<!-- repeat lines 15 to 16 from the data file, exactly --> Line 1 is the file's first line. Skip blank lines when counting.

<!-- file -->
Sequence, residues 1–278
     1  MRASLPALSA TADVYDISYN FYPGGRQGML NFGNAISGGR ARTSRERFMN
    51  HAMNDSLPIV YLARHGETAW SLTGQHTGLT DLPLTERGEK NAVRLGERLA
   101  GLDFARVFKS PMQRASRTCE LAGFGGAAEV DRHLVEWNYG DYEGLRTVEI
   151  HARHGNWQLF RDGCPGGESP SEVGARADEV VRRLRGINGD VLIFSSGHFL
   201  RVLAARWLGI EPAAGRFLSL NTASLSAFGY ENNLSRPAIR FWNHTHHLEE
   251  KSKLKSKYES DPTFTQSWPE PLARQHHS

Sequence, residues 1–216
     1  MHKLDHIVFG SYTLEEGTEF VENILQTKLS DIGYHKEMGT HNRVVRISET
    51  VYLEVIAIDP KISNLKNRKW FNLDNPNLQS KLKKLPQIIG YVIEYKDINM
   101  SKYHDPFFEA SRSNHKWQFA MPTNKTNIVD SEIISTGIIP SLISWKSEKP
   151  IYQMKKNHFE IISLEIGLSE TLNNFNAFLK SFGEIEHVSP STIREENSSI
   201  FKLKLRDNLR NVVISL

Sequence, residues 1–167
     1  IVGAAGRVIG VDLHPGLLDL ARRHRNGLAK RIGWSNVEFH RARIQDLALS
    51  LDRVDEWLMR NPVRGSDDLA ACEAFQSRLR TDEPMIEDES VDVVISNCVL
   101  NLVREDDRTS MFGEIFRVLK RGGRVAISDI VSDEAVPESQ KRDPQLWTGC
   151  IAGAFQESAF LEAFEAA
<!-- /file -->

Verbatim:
     1  IVGAAGRVIG VDLHPGLLDL ARRHRNGLAK RIGWSNVEFH RARIQDLALS
    51  LDRVDEWLMR NPVRGSDDLA ACEAFQSRLR TDEPMIEDES VDVVISNCVL